Under the hot summer sun, the sounds of giggling and the click-clack of polyurethane wheels over cracks in the concrete filled the Miller Park neighborhood.
It was the final day of skate school, a two-month, twice-a-week program for fourth and fifth grade students at Nelson Mandela Elementary School. As instructors asked the students to reflect on the experience, the group of tie-dye shirt-clad kids grew impatient as they eyed a row of brand-new skateboards.
From the crowd, a common refrain: “Do we get to keep the boards?”
The instructors exchanged a knowing glance as they continued with their questions.
This summer marks the second year that Rabble Mill, a Nebraska-based nonprofit centered around skateboarding, digital art and music, partnered with Nelson Mandela Elementary, a private, tuition-free K-5 school in North Omaha.
People are also reading…
“I think our missions align well, which is why we choose to keep working with them,” Katie Temple, the education programming manager at Rabble Mill, said of the partnership.
Opened in 2015 and fully funded by the Lozier Foundation, the school prioritizes offering a high-quality, tailored education to kids in the Miller Park area. This includes having music lessons built into the curriculum, requiring parents to be actively involved in the school community and a year-round school schedule with a three-week summer vacation in August.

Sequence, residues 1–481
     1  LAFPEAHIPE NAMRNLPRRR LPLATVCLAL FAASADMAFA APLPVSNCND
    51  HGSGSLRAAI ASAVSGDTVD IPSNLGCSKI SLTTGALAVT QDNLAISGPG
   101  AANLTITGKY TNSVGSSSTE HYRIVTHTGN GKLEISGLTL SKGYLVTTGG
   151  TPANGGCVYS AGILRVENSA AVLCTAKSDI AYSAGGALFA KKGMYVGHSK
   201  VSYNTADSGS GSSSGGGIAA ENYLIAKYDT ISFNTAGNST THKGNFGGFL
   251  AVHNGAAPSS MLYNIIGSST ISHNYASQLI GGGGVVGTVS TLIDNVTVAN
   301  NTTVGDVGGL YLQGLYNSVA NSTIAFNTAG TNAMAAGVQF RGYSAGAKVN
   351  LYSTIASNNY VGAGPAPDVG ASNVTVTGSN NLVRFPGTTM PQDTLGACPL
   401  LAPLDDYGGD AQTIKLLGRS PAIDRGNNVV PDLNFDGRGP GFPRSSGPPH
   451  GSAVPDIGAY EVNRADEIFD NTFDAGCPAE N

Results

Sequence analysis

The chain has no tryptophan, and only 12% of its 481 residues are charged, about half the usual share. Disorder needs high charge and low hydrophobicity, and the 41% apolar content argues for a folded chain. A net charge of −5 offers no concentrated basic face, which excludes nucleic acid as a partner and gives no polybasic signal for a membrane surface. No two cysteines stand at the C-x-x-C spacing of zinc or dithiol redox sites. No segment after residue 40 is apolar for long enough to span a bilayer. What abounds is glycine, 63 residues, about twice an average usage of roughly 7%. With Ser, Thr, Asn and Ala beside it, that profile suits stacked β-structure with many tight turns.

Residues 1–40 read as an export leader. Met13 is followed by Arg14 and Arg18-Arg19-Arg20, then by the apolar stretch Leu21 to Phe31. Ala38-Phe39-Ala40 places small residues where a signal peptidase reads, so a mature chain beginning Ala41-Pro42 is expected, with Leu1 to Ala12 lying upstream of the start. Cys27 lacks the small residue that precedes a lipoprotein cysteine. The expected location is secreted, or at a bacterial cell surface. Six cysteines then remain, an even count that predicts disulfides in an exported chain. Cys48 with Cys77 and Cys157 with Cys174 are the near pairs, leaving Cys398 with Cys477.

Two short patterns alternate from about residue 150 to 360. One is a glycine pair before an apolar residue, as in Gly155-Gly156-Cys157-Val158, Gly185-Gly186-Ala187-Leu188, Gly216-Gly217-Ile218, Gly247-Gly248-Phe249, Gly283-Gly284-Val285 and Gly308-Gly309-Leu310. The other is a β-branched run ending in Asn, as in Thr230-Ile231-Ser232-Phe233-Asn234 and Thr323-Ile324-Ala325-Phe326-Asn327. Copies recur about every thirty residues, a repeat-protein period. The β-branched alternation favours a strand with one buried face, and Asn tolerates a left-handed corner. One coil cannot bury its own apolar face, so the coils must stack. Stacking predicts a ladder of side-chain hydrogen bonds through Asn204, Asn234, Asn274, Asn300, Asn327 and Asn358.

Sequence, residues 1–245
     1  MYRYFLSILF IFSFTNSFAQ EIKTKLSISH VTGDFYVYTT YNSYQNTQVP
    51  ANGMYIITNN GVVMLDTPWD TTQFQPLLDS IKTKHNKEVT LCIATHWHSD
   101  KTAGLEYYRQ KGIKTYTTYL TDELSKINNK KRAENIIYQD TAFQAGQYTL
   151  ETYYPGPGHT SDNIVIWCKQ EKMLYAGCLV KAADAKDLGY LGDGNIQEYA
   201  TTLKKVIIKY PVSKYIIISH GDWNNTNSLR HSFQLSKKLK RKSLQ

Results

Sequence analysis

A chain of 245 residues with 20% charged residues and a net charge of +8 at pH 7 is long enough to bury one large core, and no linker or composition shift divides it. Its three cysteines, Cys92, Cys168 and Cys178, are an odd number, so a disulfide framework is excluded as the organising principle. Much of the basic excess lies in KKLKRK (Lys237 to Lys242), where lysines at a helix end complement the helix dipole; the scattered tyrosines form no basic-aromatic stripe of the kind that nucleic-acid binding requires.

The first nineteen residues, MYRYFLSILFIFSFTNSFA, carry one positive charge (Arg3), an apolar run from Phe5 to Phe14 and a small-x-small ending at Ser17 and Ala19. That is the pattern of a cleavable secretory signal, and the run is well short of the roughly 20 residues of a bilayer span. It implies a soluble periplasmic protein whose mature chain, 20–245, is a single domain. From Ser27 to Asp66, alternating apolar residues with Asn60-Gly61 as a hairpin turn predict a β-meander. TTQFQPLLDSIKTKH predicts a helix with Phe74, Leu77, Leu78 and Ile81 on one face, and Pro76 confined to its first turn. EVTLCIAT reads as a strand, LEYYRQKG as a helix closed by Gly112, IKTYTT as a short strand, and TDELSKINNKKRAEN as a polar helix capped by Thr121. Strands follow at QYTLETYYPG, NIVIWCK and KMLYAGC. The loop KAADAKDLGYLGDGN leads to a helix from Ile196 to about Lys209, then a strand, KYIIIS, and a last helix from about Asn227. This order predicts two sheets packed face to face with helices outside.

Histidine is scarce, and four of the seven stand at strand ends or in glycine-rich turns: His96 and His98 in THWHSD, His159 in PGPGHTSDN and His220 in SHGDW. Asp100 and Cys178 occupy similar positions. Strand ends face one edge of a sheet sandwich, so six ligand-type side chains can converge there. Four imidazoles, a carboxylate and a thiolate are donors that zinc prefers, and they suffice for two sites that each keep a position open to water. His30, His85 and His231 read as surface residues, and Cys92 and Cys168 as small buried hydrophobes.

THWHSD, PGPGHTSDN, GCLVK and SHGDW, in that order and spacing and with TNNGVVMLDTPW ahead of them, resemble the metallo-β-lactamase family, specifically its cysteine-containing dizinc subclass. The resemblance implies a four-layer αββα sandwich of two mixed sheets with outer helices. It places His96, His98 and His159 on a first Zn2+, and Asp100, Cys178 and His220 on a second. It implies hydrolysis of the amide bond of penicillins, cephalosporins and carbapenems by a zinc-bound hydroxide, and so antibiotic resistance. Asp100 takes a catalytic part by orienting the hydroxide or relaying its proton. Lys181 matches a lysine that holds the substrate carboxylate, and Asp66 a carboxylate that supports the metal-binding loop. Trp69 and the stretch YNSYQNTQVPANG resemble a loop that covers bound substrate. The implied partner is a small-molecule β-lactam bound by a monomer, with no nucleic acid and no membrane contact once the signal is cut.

Throughout June and July, 76 students spent some of their school day on Wednesdays and Thursdays in the smoothly paved parking lot. Rabble Mill instructors set up a makeshift skate park, complete with obstacles to maneuver around and small ramps to practice gaining speed.
Connor Johnson, 21, has been skating for most of his life. When his friends told him about the chance to teach kids to skate through Rabble Mill, he jumped on the opportunity.
“When I started skating back in the day, there was a group of skater kids who lived in my neighborhood,” he said. “They were the older, cooler dudes, and I wanted to be like them. The coolest thing about working with kids is that you are the cool older kid now. They want your advice and they look up to you in that way.”
Many of the kids had never stepped foot on a skateboard before this summer. The instructors focused on building confidence and meeting each student at their respective skill level. As some students were eager to learn new tricks, others were still getting comfortable balancing on the board.
Regardless of their skill, Johnson says that all the students made great strides from where they started. That’s why each kid got a skateboard and a helmet to take home with them.
A few weeks before the final lesson, six Rabble Mill employees gathered around a box of skateboard parts. For more than three hours, they went through the same tedious process of assembling a skateboard 76 times: measuring the board, adding grip tape, sanding the edges, poking the holes, inserting bearings and attaching wheels and trucks.
The hard work paid off when instructors told the kids that they would be able to keep practicing on their very own boards. Squeals and cheers were audible from around the neighborhood as the students ran to take their pick.
“They were so psyched,” Johnson said. “They’ve all been working so hard, and they truly deserve these boards. I’d be working with some of the kids and they’d talk about how they want to skate more and practice, but they don’t have a board.”
For the rest of the lesson, students used paint pens to decorate the new gear and sign their names on each other’s boards. Johnson and the other instructors watched with a smile as the kids rolled back and forth across the parking lot.
Before retiring back into the school building, the students thanked their instructors — for the skateboards, of course, but also for helping many of them find a new hobby.
“Thank you,” one student said. “I didn’t know that I loved skateboarding until now.”